Galleries - December 2014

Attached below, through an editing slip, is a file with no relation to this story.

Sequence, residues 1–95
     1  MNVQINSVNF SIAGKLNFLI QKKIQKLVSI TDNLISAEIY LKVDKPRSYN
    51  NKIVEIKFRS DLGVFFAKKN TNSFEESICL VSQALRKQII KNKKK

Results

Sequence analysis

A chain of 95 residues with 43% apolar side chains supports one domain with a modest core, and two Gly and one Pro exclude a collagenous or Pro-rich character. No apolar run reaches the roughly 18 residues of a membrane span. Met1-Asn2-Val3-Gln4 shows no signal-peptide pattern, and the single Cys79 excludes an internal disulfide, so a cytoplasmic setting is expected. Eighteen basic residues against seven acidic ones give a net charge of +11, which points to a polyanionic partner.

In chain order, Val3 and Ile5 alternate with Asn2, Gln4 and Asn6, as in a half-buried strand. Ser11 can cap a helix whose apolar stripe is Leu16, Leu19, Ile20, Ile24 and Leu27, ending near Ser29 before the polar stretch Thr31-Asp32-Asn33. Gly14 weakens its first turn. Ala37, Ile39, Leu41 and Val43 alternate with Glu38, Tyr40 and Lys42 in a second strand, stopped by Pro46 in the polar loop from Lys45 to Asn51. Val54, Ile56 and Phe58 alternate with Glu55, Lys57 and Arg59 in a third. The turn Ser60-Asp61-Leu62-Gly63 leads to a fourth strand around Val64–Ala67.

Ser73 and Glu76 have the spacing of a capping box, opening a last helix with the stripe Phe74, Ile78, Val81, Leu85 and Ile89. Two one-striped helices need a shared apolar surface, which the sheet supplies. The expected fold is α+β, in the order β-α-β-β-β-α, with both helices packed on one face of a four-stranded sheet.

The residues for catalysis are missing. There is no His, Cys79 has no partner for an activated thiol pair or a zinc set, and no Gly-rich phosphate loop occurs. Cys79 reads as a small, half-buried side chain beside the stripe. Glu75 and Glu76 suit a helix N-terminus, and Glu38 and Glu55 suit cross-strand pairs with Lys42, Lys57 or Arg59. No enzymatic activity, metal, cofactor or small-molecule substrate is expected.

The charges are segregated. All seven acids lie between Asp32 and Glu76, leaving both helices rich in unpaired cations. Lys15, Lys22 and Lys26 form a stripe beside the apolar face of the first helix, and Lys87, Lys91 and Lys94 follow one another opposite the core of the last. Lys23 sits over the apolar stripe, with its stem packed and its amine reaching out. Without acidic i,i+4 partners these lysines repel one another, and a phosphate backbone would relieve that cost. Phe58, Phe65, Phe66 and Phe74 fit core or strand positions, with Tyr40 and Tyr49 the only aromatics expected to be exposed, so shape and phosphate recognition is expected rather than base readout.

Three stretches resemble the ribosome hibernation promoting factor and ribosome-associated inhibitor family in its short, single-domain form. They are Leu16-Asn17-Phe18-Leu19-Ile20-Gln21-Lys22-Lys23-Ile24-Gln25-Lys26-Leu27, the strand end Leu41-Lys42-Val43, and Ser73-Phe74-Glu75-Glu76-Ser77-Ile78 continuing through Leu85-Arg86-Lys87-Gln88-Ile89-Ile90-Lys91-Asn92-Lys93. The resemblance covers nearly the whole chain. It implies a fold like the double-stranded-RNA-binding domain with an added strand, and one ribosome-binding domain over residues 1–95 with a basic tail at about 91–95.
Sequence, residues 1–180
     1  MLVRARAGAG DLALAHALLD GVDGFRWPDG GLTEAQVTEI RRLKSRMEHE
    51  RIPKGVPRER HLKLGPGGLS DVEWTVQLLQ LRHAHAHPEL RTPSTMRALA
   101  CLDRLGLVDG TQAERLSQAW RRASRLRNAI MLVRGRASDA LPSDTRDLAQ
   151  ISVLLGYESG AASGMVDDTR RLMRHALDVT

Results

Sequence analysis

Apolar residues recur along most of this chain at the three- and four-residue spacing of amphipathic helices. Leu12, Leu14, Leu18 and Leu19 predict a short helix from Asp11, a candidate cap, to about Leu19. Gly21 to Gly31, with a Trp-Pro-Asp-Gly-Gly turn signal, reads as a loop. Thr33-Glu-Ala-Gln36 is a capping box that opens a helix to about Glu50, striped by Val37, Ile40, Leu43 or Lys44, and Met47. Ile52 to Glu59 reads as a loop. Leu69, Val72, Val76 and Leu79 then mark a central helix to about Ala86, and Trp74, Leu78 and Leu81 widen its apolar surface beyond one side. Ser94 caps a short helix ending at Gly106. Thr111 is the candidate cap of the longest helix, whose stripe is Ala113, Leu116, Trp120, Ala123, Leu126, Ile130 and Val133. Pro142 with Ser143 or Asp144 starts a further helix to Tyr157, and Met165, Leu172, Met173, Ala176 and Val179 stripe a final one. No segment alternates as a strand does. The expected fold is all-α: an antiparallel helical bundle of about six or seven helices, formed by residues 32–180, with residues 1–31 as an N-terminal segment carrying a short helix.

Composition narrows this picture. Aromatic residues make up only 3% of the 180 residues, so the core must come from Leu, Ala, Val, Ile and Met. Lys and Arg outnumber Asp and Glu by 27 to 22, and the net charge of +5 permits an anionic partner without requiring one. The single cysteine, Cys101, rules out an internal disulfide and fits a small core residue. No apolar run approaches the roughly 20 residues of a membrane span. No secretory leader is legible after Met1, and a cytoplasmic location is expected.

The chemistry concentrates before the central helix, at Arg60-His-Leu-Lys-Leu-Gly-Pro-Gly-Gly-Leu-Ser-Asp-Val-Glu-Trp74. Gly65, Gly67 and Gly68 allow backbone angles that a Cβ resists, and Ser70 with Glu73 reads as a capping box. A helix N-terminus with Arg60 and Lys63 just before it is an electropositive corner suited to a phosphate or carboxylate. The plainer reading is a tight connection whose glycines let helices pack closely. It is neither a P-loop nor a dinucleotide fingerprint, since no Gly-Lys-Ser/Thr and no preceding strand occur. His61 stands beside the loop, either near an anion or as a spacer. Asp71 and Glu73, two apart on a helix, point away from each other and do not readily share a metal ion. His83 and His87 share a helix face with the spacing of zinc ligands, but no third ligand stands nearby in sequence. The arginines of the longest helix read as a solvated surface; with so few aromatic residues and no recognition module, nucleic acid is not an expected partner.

DECEMBER 2014 GALLERIES 51 personal relationship with the ocean. Currently, it is the sea-inspired artists of the past who are most visible. JMW Turner’s late works are on at the Tate Britain –and Mr. Turner , his biopic, is out in cinemas. The National Gallery , meanwhile, is in the midst of its exhibition of Peder Balke, a nineteenth century Norwegian painter of untamed outdoor scenes (‘Norway’s answer to Turner?’ the Gallery has ventured). However, even the wildest nineteenth century seascape seems positively well behaved next to Hambling’s works. Taking her inspiration from the sea wall at Southwold, where waves break with dramatic force, Hambling recreates her impressions through abstracted monotypes. Using starkly At the moment, London is brimming with works by artists who have taken their inspiration from the power of the sea. Maggi Hambling is soon to join them. Her upcoming exhibition at Marlborough Fine Art, ‘Maggi Hambling: Walls of Water, The Monotypes’ will run from 3 December through 10 January and reflects her powerful, contrasting black and white or silver, the artist recaptures the destructive and decaying power of multiple individual waves. This power is transformative. When taken as a group, the exhibition title Walls of Water suggests the potential of Hambling’s images to change the nature of the gallery walls on which they hang. When taken individually, each small image shifts subtly, suggesting organic forms, bodies, trees, or pairs of lungs, however briefly. In addition to the monotypes at Marlborough, an exhibition of Walls of Water paintings will go up in The National Gallery from 26 November. Hambling’s paintings, which are huge in scale and make use of colour, will compliment the monotypes, but the raw energy of the monotype remains peculiar to its medium. CODA Frances Allitt Maggi Hambling ‘Walls of Water 17’, 2014 at Marlborough Fine Art with Tate Liverpool and The Baltic in Gateshead focusing attention in the North. Many London galleries with international reputations are clustered in specific areas. For example Mayfair (covering New and Old Bond Street and Cork Street) and St James’s are home to many of the best known, whilst Knightsbridge, Chelsea, Bloomsbury, Kensington, the South Bank and the East End are notable for newer ‘blue chip’ and emerging artists. If you are visiting for the first time, or are back to expand your knowledge of the galleries and museums of the UK, it helps to plan ahead. Your hotel can provide guides and information on galleries nearby; Galleries magazine is available to the concierge in top The UK Art Market is probably the most highly regarded in the world, selling art from widely differing cultures, periods and styles; from the ancient to contemporary cutting edge. London is the centre of this market, and now a major focus for Arabic, Chinese, Indian, Russian art sales – as well as for European and American art. Across the UK, other centres of excellence include Cardiff Edinburgh, Glasgow, as principal cities with rich heritage collections and diverse galleries reflecting the national identities of the individual markets of Wales and Scotland. Numerous collections and high profile galleries selling important works exist in cultural centres such as Bath, Bristol and St Ives in the South of England, hotels in London and around the country, and can be sent on request to await your arrival. Use the internet to research a visit, at; information is updated weekly and previews are available to subscribers via email, along with daily new show openings. If you have a clear idea of your specific interests, your hotel concierge can help you or contact directly, and you can be introduced to independent experts who can help show you around. Before returning home, if you have bought from one gallery, they will usually help you ship any art works. Otherwise a list of Packers and Shippers – as well as Insurers – is available in the Art Services section of Galleries . ART MARKET –Visiting the UK Art Market Paul Hooper